Advocates worry military vaccine challenges could jeopardize other religious freedom cases
The military is taking a hard line on troops seeking religious exemptions to the COVID vaccine mandate. Lawyers say that could have consequences for others who seek different kinds of religious accommodations.
Petty Officer First Class Juwairiya Webb joined the Navy after Sept. 11, 2001. She’s Muslim, but commanders told her at boot camp that she could not cover her hair with a traditional hijab.
“I felt naked,” Webb said. “I felt like everyone was looking at me. I felt uncomfortable, but it took time for me to get used to it.”
She still covered her hair when she was out of uniform. And as her faith deepened, she decided to challenge the Navy's decision. With the help of the Council on American-Islamic Relations, she sought an accommodation under the Religious Freedom Restoration Act.
A few months ago, her command granted her request. While the Navy reserved the right to limit where she wears her hijab, it allowed her to do so in her normal duties.
“It's something that I've always wanted to do,” Webb said. “It also made me feel really proud, because now I'm representing Muslims, and they can see how we really are.”
The Religious Freedom Restoration Act — known as RFRA — has been in the spotlight as a number of troops, including a group of Navy SEALs, filed lawsuits on religious grounds. They're challenging the military COVID-19 vaccine mandate. The Pentagon is discharging troops who refuse the shot.
Though mainstream Christian leaders support the vaccine, RFRA cases raise several religious objections to it, including a claim that cells used to research the vaccine were ancestors of aborted cells decades earlier.
Attorney Daniel Blomberg’s firm handles religious freedom cases. He's not involved in COVID lawsuits, but he worries his clients could be impacted. He said the Navy is bypassing the normal process for granting religious accommodations and taking a hard line on people who are seeking accommodations to avoid the vaccine.
“I think the process itself is causing a significant part of the problem,” Blomberg said. “But then the big problem is that nobody is getting granted."
More than 3,000 sailors have applied for religious exemptions since the mandate took effect in November. The Navy said it has allowed 27 sailors who sought religious exemptions to opt out, but all of those sailors were already scheduled to leave the Navy by June 1.
Blomberg fears the Navy's posture in the vaccine cases might make it easier for the military to deny other religious accommodations.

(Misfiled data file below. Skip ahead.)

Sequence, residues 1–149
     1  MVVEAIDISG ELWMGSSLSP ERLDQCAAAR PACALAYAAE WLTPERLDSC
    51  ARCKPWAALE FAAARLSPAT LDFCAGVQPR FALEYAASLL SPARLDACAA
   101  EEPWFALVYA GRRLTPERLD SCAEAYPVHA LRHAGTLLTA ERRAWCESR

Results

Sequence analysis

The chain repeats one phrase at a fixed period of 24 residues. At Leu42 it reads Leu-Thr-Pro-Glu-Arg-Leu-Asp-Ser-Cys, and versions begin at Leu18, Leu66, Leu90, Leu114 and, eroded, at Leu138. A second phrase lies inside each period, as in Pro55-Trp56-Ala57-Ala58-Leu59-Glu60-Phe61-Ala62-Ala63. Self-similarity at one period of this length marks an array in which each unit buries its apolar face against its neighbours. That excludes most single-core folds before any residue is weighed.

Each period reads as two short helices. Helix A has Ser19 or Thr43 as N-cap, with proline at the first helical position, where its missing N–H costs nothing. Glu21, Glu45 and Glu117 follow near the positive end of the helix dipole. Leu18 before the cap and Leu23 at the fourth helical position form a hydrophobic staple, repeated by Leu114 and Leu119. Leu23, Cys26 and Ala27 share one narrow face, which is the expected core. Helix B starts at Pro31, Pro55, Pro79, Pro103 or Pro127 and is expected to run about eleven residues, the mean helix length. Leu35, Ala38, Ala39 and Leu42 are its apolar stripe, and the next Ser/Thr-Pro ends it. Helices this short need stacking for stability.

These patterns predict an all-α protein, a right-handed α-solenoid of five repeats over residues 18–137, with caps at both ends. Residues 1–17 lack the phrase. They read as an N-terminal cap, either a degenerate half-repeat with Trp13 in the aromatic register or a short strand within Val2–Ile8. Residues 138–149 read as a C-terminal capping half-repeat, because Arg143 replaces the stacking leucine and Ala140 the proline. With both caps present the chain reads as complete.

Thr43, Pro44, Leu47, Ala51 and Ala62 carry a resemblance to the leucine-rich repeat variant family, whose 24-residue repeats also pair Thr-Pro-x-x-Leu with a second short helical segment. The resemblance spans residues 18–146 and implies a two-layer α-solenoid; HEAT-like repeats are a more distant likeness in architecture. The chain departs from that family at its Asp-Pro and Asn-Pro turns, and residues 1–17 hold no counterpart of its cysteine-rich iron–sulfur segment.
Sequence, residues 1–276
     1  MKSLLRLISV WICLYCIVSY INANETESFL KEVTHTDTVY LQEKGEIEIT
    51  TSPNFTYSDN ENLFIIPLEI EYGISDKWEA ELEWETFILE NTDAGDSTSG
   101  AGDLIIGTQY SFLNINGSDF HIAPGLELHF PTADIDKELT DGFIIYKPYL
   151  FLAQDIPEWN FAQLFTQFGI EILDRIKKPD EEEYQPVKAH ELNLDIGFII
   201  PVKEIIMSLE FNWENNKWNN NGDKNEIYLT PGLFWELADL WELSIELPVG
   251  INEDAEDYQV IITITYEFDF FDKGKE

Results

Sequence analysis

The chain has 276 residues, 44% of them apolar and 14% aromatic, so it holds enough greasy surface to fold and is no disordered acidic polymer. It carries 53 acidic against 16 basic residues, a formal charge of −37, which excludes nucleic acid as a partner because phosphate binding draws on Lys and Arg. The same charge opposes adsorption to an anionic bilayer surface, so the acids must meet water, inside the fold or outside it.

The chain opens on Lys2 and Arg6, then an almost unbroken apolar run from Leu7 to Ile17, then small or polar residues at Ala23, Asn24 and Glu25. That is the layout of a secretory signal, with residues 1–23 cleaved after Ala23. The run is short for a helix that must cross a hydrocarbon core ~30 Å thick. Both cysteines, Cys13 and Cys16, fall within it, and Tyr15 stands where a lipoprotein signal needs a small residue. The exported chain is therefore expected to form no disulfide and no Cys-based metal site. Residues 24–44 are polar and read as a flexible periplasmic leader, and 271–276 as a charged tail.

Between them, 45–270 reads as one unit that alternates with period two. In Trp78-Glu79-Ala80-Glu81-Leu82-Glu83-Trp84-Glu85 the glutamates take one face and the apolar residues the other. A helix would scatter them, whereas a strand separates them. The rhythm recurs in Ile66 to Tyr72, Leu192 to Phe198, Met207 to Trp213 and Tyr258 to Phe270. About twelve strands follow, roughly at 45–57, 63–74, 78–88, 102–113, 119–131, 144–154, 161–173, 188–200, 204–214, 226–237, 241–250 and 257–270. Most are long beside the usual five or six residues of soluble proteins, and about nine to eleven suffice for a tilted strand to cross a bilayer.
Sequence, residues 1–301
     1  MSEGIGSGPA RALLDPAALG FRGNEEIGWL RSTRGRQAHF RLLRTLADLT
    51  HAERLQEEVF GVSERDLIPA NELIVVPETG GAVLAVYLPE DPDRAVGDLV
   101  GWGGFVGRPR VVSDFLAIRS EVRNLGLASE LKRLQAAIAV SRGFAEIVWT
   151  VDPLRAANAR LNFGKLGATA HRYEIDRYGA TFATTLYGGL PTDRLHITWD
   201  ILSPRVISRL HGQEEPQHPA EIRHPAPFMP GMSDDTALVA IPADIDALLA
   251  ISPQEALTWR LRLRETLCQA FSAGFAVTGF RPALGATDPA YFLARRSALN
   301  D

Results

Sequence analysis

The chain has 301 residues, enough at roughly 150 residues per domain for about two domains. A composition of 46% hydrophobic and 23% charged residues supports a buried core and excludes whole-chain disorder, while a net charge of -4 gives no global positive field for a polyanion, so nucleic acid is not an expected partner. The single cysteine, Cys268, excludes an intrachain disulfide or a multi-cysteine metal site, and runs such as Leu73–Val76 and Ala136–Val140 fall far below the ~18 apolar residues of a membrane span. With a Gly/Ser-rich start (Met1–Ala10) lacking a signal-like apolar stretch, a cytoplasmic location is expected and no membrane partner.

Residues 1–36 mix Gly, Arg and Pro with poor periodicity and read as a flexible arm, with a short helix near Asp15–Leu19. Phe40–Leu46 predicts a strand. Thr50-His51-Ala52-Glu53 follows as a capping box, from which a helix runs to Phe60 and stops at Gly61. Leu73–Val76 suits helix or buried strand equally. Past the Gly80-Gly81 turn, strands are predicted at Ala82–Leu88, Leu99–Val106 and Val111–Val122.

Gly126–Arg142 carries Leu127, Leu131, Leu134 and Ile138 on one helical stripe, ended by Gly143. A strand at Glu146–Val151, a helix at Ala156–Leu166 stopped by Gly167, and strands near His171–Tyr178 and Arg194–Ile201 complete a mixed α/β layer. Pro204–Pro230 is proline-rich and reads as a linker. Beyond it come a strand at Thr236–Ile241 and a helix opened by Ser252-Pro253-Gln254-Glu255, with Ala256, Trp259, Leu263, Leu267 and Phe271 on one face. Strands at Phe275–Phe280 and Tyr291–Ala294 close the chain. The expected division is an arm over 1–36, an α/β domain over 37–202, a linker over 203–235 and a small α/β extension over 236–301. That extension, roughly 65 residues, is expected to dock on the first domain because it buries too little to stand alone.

“If a service Member has a sincere religious belief, and the government substantially burdens it, then the government has to have a really good reason to do that," Blomberg said.
Blomberg has represented Sikhs who have filed lawsuits to wear traditional turbans and other sailors whose faith emphasizes wearing beards. He said the law is supposed to find reasonable accommodation wherever practical.
“They're going to be some environments that will not be as conducive for having a bearded Jew or Sikhs or Muslim serving,” he said, “and so those individuals will have the opportunity to serve in other contexts.”
He said an unvaccinated SEAL can be assigned to work a desk job rather than in the close quarters of a boat. But they shouldn’t be discharged.
Navy leaders have told the courts they see vaccination as the way back to normal after crippling COVID-19 outbreaks sidelined ships.
“COVID is a force readiness issue,” said Navy Surgeon General Bruce Gillingham in a video to sailors. ”And there is no better protection for an individual, a family or the community than getting the immunity that comes from being vaccinated.”
Each of the services is facing lawsuits from troops seeking religious exemptions to receiving the COVID-19 vaccination. The Navy won a victory in March when the U.S. Supreme Court ruled that it cannot be compelled to deploy unvaccinated sailors.
"Navy personnel routinely operate for extended periods of time in confined spaces
that are ripe breeding grounds for respiratory illnesses," the U.S. Justice Department argued in that case. "A SEAL who falls ill not only cannot complete his or her own mission, but risks infecting others as well, particularly in close quarters, including on submarines. A severe illness could require impractical or impossible evacuation and could jeopardize mission success."
But a federal judge issued an injunction barring the Navy from discharging sailors who seek religious exemption. That decision may also be headed to the Supreme Court.
This story was produced by the American Homefront Project, a public media collaboration that reports on American military life and veterans.Funding comes from the Corporation for Public Broadcasting.
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